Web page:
World Wide Web Review Feminism and Pregnancy on the Internet

Article excerpt

Thousands of websites provide various bits of information about pregnancy. A typical Internet search leads to sites offering maternity and children's clothing, interactive tools to help the mother-to-be to keep track of her developing fetus, furniture, and a wide range of accessories. It is a major challenge, though, to find fact-based (as opposed to myth-based) websites, without a lot of advertising, that in some way emphasize empowerment of the mother-to-be. Some search results have been left out of this review because they are merely single pages of larger sites devoted to childbirth and childrearing. On the other hand, since it is difficult to find quality feminist sites just on pregnancy, some of those reviewed here also encompass, or even emphasize, the feminist mother.

Eliminating poor sites is easier than finding quality examples. Better results can be obtained by expanding the terms used in any search, using a variety of search engines and meta-search engines, and using the advanced search option available in many search engines to limit the results. Terms such as "pregnancy" and "pregnancy and feminism" yield very few worthy results. Many of the sites reviewed here were found by searching for such phrases as "feminist mother" and "feminist parenting." Choice of search engine makes a big difference as well. Highly recommended search and meta-search engines are All the Web (www.alltheweb.com), Vivisimo (www.vivisimo.com), and Ixquick (www.ixquick.com). I also found it helpful to eliminate all "com" domain names (used by commercial enterprises) from a search. Still, my list of results included many interesting single Web pages that were actually notes for college courses or personal pages by students and faculty members associated in some fashion with an "edu" domain name (which is set aside for four-year educational institutions). Including the domain "gov" (which is set aside for federal government websites) led to many useful sites hosted by reliable agencies, such as the National Women's Health Information Center, whose pregnancy site is described first below.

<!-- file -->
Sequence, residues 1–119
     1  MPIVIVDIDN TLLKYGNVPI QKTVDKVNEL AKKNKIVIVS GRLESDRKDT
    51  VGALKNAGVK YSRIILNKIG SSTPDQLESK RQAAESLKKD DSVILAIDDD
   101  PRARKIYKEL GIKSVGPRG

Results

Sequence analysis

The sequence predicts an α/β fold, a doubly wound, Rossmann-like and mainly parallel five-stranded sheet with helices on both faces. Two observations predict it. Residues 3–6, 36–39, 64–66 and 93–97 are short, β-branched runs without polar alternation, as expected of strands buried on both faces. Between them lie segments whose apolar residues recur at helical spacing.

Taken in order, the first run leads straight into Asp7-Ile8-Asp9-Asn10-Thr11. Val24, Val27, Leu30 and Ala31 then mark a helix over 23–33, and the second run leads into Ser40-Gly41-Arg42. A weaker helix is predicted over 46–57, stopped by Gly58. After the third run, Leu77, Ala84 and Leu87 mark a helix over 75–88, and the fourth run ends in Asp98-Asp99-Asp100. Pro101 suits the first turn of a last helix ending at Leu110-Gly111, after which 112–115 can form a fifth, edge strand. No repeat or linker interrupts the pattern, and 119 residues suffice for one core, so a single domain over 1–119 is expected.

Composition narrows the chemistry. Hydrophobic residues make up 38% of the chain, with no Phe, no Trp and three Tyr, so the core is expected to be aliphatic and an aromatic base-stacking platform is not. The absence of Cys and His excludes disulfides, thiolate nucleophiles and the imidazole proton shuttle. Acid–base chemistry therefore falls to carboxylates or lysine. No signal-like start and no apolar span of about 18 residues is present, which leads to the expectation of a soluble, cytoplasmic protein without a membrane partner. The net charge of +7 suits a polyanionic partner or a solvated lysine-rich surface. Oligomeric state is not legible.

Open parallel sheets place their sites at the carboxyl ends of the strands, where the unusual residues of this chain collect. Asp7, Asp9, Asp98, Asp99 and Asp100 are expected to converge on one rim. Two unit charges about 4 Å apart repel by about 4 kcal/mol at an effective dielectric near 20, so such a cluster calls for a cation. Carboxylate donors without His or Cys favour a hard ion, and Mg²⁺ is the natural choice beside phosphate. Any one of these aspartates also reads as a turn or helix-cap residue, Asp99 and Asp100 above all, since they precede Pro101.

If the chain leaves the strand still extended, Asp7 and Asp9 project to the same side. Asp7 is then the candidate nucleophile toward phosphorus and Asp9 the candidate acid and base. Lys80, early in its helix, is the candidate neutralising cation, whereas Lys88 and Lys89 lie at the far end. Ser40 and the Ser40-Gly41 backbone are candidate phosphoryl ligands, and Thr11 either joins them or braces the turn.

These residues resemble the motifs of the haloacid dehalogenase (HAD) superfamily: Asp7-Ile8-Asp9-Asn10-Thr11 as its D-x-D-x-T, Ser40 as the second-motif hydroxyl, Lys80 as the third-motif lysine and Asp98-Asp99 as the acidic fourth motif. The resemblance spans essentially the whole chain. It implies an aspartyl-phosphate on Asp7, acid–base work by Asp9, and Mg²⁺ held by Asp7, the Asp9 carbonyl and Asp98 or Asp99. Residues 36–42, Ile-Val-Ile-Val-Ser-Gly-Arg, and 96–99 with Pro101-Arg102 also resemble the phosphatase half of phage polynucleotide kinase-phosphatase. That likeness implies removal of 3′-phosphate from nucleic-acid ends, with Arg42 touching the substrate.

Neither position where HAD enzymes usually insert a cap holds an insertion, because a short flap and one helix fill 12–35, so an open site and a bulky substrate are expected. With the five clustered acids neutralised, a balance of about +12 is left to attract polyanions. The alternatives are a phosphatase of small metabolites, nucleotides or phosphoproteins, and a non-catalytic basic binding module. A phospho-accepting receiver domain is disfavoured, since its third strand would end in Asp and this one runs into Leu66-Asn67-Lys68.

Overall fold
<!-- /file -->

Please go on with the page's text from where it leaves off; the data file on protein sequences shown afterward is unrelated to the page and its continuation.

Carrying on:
Healthy Pregnancy (subsite of 4woman.gov, The National Women's Health Information Center) URL: http://www.4woman.gov/Pregnancy/index.htm Developed/maintained by: United States Department of Health and Human Services, Office on Women's Health Last updated: June 2003

Reviewed: August 2003; revisited: November 2003

This nicely organized site includes very recent information, including the latest studies in the field of obstetrics. Content is arranged under six topics: Pre-Pregnancy, Pregnancy, Preparing for the New Baby, Childbirth and Beyond, Tools, and Adoption & Foster Care. Some subtopics that might not be emphasized elsewhere are included here--e.g., what to expect after the baby is born and how to find financial assistance and aid--not surprising, given that this site is sponsored by the United States Department of Health and Human Services. The site's content is available in Spanish as well as English.

Despite being an abridged version of the pregnancy information that is available in print, this website is recommended for its clarity and ease of use. Most of the links are for internal sites of the National Women's Health Information Center. (It is odd that a study attributing breastfeeding to lower cancer risks is linked to a CNN report.) There are no ads; Much of the information presented is intended for the mother-to-be.

Pregnancy (at Childbirth.org)

URL: http://www.childbirth.org/articles/preglinks.html

Developed by: Robin Elise Weiss

Maintained by: Childbirth educators, midwives, doulas, and nurses

Last updated: Unknown (copyright 1994-1998)

Reviewed: August 2003; revisited: November 2003

The subject categories in this Childbirth.org subsite prompted its inclusion in this review: Basics, Complications, Emotions, Exercise, FAQs, Labor, Lifestyle, Pregnancy Week by Week, Signs, Symptoms, Testing, and Your Baby. …